In the contact metamorphism heat plays dominate role and its general effect is to promote recrystallization. In this process,minerals grow haphazardly in all directions and the metamorphic rock acquires a granular fabric which is called the “hornfels texture”. Contact metamorphic rock do not show schistosity.
During contact metamorphism transfer of magmatic vapours and gases from an igneous body into the country rocks often takes place. These emanations react with the country rocks ans form new minerals. Such a process is called the “pneumatolytic metamorphism”. A localized burning of baking effect may be produced at the contact of an igneous body and the country rocks. This effect is described as the ” Pyrometamorphism”.
Plutonic Metamorphism is a process of metamorphism that takes place due to equally important role of imposed loads and very high temperatures that become natural at those great depth. Such changes take place in rocks that are pushed down during crustal movements to positions where high temperature and high pressure become almost a permanent feature.
In all types of thermal metamorphism the change is generally in the direction of mineralogical reconstitution. These process may induce change varying from simple baking effect to complete or nearly complete recrystallisation of almost all of the original minerals.
A metamorphism which is associated with high pressure with little increase in temperature, is called the “dynamic metamorphism”. In this case a new rock is formed partly by the mechanical effect of flow and partly by the growth of new minerals that develop in the direction of flow. Slates which possess flow cleavage, are perhaps the best example of a dynamically metamorphosed rock.
When directed pressure and heat act together in the presence of migrating hydro thermal fluids, the rock are metamorphosed over wider areas. This kind of metamorphism is called the “regional” or “dynamo thermal metamorphism”. Regional metamorphism take place at great depths, such as in root grgions of fold mountains, where temperature and stresses are high.
Heat promotes recrystallization and the stresses cause shearing and flow movements which produce new structure in rocks. The new minerals that grow under directed pressure are usually flat, elongated, bladed or flaky in nature. Example of such minerals are muscovite biotite, chlorite, talc and amphiboles. These minerals arrange themselves in parallel layers and produce a banded or laminated structure, called ” foliation”. The most common foliated metamorphic rock are slate, phyllites, schists and gneisses. Foliated rocks split easily into flaky sheets.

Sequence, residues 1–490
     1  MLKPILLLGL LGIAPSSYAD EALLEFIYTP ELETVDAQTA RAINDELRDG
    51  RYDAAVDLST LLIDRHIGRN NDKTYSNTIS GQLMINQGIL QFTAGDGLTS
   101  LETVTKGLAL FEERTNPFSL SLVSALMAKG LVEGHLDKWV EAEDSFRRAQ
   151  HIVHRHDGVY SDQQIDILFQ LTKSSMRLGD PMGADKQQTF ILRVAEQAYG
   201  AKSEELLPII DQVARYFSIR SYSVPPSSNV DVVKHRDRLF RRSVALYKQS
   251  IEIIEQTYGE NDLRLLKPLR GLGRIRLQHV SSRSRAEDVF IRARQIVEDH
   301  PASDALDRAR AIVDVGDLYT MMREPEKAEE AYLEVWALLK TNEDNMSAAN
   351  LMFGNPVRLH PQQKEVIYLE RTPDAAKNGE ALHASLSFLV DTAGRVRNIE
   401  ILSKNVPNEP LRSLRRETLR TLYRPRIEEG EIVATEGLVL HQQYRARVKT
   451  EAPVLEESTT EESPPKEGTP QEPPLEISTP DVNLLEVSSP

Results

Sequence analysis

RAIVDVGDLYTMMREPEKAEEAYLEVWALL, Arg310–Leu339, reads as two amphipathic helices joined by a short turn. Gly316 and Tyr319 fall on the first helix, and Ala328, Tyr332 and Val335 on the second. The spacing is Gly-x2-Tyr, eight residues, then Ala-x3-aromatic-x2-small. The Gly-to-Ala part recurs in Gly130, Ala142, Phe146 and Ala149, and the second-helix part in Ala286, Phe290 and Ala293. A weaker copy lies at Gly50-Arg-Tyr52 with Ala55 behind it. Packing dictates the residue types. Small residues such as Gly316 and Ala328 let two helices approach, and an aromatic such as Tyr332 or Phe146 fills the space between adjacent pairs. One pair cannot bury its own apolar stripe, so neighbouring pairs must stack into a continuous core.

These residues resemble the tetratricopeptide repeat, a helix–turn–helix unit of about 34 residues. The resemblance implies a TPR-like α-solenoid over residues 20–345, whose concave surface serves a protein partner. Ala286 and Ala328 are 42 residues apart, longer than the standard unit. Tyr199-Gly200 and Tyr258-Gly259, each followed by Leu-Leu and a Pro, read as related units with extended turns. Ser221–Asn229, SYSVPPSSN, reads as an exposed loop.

When shale are subjected to regional metamorphism, the characteristic minerals that develop in succession with the rise in temperature and stress are chlorite, biotite, garnet, staurolite, kyanite and sillimanite. Thus shale changes to “slate” in early stage to “schist” in middle stage and finally to “gneiss” at the highest temperature of regional metamorphism.
When high temperature metamorphic minerals assemblage are changed to a low temperature mineral assemblage, the process is called the Retrogressive metamorphism. Such changes take place when an intensely metamorphosed rock is subjected either to strong differential movement or to hydrothermal activity. In zones of displacement an amphibolite may be converted to a green- schist and due to hydrothermal alteration a sepentite rock may change to talc- magnesite-schist.
It may be broadly defined as a”metamorphic process involving essentially formation of new minerals by the mechanism of chemical replacement of pre-existing minerals under the influence of chemically active fluids”.
The metasomatic replacement of minerals takes place at atomic level and in solid state. The chemically active fluids may be provided:
- From within the rock, such as pore fluid, in which case the end result of metasomatic change would be a mere replacement of the atoms, the total chemical composition of the rock remaining the same. This is sometimes referred as mineral metasomatism.
- Form outside the rock, such as from magmatic emanations or ground water sources in which case many new minerals may be formed in the rock by the interaction of the atoms of the invading fluids with those of the rock. The net result would be a definite change in the bulk chemical composition of the rock as whole. This is, therefore ,sometimes referred as rock metasomatism.
The process of metasomatism is sometimes further distinguished into:
Hydrothermal- When the fluids are in the form of solution.
Pneumatolytic- When the fluids are in the form of solutions.
Additive- When the net result of the process is addition of a new constituent
Expulsive- When some component get removed from the original composition of the rock.
A common fact observed in the case of metasomatism is that total volume of the rock remains by and large unchanged after the process is completed.